Martha Burt and Demetra Nightingale of Johns Hopkins University -- co-authors of "Repairing the U.S. Social Safety Net" -- and an affiliated scholar at the Urban Institute said safety net programs should provide economic security, protect vulnerable families and promote equality.
However, the United States ranks near the bottom among 23 developed countries when it comes to the proportion of children and elderly in poverty, infant mortality and high school dropout rates, the authors said.
The authors trace these conflicting values to the first Calvinist settlers, who equated poverty with laziness, and to the culture of capitalism, which measures people by their ability to produce wealth.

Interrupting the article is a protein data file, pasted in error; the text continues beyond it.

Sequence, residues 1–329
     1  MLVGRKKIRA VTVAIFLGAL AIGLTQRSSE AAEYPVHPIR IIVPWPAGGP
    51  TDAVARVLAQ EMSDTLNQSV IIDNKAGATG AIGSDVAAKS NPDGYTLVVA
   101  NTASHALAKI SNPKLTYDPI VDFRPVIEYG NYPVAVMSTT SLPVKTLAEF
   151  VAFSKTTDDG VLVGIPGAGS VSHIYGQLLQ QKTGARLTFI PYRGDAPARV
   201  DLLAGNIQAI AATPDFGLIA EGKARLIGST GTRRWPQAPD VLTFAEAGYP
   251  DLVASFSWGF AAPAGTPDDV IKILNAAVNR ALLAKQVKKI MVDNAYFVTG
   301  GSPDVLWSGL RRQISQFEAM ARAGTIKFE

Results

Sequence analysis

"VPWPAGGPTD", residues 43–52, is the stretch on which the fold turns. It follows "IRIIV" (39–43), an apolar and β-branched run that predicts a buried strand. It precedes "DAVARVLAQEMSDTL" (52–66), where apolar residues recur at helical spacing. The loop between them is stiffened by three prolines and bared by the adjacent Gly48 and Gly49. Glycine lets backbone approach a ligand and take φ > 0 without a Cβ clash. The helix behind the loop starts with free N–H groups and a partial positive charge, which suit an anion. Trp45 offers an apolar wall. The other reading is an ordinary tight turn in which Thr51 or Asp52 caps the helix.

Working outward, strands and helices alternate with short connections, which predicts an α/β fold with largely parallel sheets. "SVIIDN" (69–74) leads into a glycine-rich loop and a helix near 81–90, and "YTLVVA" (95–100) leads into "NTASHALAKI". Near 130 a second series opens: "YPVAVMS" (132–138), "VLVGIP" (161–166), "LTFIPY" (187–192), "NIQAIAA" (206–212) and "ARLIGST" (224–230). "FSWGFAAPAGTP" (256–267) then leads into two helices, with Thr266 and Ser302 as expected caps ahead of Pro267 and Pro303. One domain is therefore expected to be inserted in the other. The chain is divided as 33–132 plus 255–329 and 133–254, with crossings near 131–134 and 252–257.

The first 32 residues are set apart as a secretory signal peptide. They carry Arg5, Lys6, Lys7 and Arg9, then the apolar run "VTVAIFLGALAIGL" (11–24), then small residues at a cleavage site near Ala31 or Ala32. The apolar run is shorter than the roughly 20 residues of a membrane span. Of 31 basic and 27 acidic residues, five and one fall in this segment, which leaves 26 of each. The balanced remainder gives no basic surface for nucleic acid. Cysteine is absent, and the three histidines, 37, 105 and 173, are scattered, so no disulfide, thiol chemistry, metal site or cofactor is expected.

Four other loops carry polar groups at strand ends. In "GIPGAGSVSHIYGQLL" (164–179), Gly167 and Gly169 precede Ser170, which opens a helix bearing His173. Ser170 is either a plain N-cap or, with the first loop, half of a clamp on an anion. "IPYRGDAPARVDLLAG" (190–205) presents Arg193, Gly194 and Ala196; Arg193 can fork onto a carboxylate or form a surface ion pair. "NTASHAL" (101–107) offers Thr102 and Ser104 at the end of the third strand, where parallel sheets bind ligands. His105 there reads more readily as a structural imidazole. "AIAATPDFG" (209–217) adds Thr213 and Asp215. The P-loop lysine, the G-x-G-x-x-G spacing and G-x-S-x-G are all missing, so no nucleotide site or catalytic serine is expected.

Individualism and freedom, self-reliance and independence, hard work, fairness and the primacy of family and community sometimes conflict with compassion, fairness and a willingness to help those in need, they wrote.
Burt and Nightingale show public officials are often trapped between wanting to aid the needy and fearing they will inhibit individual responsibility. Officials have consistently defined poverty in ways that minimized the number of people considered poor, and as a result safety net programs are not serving most of the people in need, they concluded.